What Facebook’s Data Mishandling Means for 87 Million Users

Two weeks ago, a whistleblower’s revelation that U.K.-based political data firm Cambridge Analytica accessed private information on 87 million Facebook users, in order to manipulate voter sentiment regarding the 2016 U.S. presidential election, prompted immediate and immense fallout for the world’s largest social media platform—fallout that, at present, shows no signs of abating.

Facebook’s market value has since plummeted $100 billion amid uncertainty surrounding the Federal Trade Commission’s newly launched investigation into whether the company’s handling of user data violated a 2011 consent decree. The New York and Massachusetts attorney generals also announced a joint investigation into how Cambridge Analytica, which was hired by then-presidential candidate Donald Trump’s campaign, used its data and why Facebook did not alert users or the public that their data was handed over to a third party. In addition, Facebook shareholders have filed at least four lawsuits in federal court alleging, among other things, the company breached its fiduciary duties by failing to prevent Cambridge Analytica’s initial misappropriation of data and by not notifying affected users in 2015 upon first learning of this theft.

“Right now, Facebook faces the largest crisis it has ever faced, and for good reason,” said Fordham Law Professor Olivier Sylvain, an expert on information and communications law and policy. “Its handling of user data has proven to be irresponsible, to say the least.”

Olivier Sylvain

Olivier Sylvain

That Facebook finds itself in its current financial and legal predicament might come as a shock to many of its 2 billion users worldwide, but Sylvain has warned for years that a virtual iceberg awaited platforms such as Facebook that reaped enormous profits from collecting and selling unprecedented amounts of user data with little to no oversight. The professor has raised alarms, specifically, about the broad scope of immunity under 47 U.S.C. 230(c)(2) of the Communications Decency Act of 1996 for internet companies, which has emboldened Facebook, Google, and others to treat user data in a “careless and sometimes lawless” fashion.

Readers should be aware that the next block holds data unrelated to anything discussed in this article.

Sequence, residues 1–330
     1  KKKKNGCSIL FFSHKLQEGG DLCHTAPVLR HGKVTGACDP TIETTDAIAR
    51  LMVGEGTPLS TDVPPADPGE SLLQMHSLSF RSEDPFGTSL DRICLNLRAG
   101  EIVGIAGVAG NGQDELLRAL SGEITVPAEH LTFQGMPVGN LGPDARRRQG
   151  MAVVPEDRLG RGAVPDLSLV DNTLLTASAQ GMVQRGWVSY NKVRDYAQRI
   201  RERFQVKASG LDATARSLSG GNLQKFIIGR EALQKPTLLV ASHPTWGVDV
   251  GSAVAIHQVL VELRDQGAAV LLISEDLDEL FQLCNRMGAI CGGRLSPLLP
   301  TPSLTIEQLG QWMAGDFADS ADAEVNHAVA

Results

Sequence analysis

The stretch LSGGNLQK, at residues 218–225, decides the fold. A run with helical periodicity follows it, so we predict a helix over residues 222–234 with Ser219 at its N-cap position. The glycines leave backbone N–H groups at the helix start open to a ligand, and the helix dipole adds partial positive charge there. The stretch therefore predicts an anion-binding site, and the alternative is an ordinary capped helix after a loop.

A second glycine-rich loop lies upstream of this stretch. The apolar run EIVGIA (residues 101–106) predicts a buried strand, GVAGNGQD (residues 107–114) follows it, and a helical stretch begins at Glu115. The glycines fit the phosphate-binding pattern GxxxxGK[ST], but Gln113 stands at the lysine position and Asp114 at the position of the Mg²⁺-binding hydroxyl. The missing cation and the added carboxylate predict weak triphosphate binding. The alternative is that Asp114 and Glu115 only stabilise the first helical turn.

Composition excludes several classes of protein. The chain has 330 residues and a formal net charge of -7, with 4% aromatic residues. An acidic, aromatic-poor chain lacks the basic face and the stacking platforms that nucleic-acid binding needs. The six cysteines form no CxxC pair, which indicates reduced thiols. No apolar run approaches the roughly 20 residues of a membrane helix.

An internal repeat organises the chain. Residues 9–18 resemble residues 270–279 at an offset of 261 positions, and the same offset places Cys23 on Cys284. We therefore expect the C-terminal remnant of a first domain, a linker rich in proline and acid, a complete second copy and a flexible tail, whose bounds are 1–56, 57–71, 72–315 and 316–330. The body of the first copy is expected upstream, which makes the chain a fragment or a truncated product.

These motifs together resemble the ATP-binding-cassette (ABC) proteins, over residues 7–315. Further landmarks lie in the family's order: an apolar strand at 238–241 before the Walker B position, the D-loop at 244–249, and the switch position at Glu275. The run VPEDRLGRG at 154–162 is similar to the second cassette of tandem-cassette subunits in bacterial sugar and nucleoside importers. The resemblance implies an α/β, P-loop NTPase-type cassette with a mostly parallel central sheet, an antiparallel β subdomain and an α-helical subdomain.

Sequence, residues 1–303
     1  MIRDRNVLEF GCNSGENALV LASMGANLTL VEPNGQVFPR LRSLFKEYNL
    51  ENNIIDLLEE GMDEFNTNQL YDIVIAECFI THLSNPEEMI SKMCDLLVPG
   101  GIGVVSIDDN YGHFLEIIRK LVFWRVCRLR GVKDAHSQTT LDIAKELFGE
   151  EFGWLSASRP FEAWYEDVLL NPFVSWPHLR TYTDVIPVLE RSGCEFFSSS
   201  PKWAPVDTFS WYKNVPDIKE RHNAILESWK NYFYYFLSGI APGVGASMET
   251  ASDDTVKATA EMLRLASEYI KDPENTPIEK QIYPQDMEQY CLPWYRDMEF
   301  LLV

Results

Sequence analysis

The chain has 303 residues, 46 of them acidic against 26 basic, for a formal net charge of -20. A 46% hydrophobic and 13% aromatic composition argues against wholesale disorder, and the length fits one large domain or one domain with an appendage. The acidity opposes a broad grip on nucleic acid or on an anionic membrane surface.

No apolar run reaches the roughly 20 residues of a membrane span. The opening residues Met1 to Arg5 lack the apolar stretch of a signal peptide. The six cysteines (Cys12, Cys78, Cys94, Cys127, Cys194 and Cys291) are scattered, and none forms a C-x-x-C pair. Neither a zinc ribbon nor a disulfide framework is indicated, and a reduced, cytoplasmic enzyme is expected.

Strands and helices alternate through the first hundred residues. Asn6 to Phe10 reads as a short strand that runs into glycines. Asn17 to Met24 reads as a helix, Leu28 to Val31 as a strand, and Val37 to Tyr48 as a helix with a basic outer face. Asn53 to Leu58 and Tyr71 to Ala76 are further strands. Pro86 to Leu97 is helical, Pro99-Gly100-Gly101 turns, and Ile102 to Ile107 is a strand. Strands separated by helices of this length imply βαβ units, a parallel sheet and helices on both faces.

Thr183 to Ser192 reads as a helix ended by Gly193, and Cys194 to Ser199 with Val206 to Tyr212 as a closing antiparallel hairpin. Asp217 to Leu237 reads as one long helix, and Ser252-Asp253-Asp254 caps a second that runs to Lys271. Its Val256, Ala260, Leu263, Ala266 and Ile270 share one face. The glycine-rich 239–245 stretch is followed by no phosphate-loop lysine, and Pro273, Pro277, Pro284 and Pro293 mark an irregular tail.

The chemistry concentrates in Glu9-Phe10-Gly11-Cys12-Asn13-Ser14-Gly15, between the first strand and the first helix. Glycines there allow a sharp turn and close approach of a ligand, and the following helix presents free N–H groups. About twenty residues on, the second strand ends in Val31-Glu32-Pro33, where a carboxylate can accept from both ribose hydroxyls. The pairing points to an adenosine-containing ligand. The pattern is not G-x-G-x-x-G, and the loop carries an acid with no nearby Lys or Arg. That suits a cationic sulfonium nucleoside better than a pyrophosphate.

The Cambridge Analytica saga highlights the absurdity of Facebook’s longstanding position that Section 230 allowed the company to avoid taking affirmative steps to protect user data once it contracted that data to another party, noted Sylvain, whose related essay is featured on the website of the Knight First Amendment Institute.

Critics assert that Facebook failed to act in a timely manner when it discovered that a Cambridge scholar, in violation of his agreement with the company, traded data on 87 million users to Cambridge Analytica, created by billionaire GOP donor Robert Mercer, a patron of right-wing news outlet Breitbart. Cambridge Analytica then used the psychometric profiles at its disposal to disseminate fake news on Facebook to polarize the electorate, observed Sylvain, explaining that this stratagem marked a drastic departure from how past presidential campaigns sought to harness the power of data to win votes. For instance, the overwhelming majority of the 87 million users whose data Cambridge Analytica accessed became ensnared not through their own volition but rather after their Facebook friend took a quiz.